Solange Gave Us 'When I Get Home': A Testament to the Culture History and Power of Womanhood
As we all know, Black history month was filled with nothing but societal strife (from the Jesse Smollett hate crime debacle to Prada and Gucci’s insensitive racial clothing), but with the close of Black History Month and the start of Women’s History Month, Solange unexpectedly released her fourth studio album, When I Get Home. This announcement of the release came via a tweet from none other than Solange herself just hours before it hit major streaming platforms.
Most fans had an idea that something was up, but it wasn’t until Solange teased the project in a slew of promotional images via Black Planet, a black-millennial social media site. Until she confirmed the release, it was hard to pinpoint the suspicions because Solange is relatively silent on social media - other than the occasional tweet here and there. When the project was officially dropped, I was over the moon, going straight to hit the download button on iTunes. Now that it has been a full week since I’ve digested the complexities of Black History Month, the soul goddess made me appreciate what it means to be a woman and a savior to society, this Woman’s History Month.
When I Get Home is genius in that Solange spoke directly to the experiences many black people encounter while providing enchanting lyrics and images and the plights in identity ( one frame had a woman on a stripper pole). Ever since her acclaimed third studio album A Seat At The Table in 2016 , she lyrically confronted the everyday struggle of racism that runs rampant all the time, especially in the midst of an impassioned election year ( Donald Trump nomination and election). She helped solidify herself as a conscious leader who addressed ownership and agency in the Black Community. This is a bittersweet sense of realism that myself and other millennial Black Women never experienced before. And with her status, it meant that the everyday trials and tribulations of Black womanhood were unapologetically getting recognition on a mainstream level. Each track was a glimpse into Solange’s life outside of stardom- the portrayal of what it means to be the everyday Black woman. Intimacy, honesty, and love made the album what it is. Solange herself, and other Black women held these aspects close, without the possibility of letting it go.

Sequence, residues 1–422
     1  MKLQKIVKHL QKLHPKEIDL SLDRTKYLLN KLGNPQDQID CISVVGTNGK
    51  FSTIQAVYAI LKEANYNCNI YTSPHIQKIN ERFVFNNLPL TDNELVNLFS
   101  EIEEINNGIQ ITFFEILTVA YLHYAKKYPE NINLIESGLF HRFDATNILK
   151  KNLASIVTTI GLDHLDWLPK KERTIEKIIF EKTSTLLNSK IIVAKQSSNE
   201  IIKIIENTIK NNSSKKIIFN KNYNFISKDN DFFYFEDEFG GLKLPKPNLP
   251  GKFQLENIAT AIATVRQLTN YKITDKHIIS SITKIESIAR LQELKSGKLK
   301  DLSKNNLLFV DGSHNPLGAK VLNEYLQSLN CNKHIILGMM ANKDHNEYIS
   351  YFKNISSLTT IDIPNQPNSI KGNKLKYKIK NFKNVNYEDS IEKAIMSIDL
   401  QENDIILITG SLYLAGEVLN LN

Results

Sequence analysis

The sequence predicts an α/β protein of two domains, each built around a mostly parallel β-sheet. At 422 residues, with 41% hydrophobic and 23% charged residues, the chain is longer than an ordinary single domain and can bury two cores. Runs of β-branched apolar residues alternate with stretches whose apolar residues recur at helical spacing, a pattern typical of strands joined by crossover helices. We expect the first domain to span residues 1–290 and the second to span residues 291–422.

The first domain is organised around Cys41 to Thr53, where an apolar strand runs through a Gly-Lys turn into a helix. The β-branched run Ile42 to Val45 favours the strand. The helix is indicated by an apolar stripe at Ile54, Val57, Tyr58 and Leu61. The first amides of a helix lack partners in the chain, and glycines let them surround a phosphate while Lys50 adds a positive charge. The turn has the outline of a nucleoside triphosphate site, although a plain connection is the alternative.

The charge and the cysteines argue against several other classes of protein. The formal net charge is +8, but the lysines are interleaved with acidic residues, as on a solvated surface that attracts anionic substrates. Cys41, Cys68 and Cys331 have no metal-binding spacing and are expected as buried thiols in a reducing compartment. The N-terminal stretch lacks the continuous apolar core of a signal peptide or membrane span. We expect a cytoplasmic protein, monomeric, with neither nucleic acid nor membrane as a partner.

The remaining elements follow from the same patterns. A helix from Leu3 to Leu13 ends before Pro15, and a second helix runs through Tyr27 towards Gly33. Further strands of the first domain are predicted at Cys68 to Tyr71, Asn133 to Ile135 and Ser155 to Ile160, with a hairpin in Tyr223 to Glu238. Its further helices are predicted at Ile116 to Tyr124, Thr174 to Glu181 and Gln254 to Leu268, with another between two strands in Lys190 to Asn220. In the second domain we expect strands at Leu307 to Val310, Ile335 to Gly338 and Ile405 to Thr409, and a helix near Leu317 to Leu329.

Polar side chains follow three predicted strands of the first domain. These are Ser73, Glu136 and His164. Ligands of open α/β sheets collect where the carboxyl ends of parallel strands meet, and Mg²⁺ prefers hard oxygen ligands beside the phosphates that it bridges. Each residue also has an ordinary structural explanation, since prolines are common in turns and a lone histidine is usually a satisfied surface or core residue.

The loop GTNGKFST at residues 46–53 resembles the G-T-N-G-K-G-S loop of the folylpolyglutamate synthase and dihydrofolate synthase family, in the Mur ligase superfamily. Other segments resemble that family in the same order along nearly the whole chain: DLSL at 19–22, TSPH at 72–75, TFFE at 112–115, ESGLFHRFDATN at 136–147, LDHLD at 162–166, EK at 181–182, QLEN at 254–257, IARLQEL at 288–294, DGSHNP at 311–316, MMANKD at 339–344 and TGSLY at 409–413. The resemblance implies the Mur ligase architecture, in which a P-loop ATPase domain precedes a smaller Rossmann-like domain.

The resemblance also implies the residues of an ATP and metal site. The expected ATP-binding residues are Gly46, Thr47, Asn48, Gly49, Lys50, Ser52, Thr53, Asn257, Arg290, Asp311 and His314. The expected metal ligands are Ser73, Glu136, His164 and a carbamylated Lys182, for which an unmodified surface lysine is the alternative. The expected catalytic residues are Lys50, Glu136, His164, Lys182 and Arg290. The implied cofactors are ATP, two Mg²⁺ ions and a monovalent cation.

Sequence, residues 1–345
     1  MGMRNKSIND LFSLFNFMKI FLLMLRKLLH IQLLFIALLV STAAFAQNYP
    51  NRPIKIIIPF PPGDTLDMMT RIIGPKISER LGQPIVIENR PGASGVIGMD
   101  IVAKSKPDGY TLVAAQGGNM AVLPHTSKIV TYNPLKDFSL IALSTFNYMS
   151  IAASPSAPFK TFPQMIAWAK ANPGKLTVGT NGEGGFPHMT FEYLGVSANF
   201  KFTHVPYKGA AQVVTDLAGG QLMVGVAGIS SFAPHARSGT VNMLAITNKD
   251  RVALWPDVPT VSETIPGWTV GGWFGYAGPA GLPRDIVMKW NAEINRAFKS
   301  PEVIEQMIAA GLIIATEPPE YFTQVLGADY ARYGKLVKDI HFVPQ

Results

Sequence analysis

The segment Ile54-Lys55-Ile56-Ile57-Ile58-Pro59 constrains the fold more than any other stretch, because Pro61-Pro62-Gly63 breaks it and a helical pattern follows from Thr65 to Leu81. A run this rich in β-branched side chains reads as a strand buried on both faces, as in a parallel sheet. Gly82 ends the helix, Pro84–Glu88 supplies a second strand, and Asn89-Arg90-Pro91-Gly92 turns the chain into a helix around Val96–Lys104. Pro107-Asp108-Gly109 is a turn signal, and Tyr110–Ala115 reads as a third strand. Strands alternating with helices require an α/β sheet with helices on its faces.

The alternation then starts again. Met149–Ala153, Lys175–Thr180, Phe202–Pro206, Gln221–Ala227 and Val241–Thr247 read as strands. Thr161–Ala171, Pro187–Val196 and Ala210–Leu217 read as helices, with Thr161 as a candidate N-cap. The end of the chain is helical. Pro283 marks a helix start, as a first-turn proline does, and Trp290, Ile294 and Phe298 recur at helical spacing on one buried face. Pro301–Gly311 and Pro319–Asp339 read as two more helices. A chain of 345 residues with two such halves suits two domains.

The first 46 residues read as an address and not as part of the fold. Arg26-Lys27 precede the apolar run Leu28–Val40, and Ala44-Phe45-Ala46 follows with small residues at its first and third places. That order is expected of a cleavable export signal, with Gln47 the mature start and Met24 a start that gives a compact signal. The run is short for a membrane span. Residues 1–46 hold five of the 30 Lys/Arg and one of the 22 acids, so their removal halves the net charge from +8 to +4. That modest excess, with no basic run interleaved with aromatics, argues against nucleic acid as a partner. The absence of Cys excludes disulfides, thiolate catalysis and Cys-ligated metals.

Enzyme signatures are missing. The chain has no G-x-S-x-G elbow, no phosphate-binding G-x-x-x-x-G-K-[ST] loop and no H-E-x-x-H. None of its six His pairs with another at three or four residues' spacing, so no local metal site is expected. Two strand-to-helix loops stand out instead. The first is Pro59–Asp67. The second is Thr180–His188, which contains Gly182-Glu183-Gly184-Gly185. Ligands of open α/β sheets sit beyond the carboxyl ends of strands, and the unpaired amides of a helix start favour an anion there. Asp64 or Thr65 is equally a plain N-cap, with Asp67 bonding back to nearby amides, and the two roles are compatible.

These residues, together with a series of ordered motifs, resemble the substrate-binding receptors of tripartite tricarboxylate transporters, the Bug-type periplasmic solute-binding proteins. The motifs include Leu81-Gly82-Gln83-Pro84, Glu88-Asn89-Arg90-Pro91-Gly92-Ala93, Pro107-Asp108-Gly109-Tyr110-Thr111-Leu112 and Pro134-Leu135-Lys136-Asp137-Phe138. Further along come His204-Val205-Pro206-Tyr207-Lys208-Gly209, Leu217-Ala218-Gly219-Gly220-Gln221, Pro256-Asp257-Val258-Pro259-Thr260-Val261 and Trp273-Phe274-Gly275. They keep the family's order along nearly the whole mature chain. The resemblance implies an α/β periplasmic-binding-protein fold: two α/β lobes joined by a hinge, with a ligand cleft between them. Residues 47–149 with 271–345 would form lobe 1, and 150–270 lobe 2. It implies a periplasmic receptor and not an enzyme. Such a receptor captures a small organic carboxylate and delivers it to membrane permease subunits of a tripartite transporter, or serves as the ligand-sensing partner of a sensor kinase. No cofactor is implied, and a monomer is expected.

Solange has a voice that is calm and sweet like nectar, making her lyrical prowess even more noteworthy—she never has had to raise her voice, for people to hear her story. She speaks for the Black girls who are on the shy and soft-spoken side trying to figure out who they are and understands the worth in their story.
Even though A Seat At The Table served as a meaningful and sorrowful guide to navigating Black womanhood, When I Get Home, which was deemed an "exploration of origin," promises praise as Black women are more than just untimely suffering. This is clear as Solange explored her Houston-centric roots with promotional imagery— carefree cowboys, retro cars (Deloreans), bedazzled cowboy boots, and the intricate beauty salon hair.
Solange, just like every other Black woman, are multifaced beings that cannot be boxed into one story or category - a depiction of what they have to offer to the society that they are in. Truly hearts of gold.
Cover image via Complex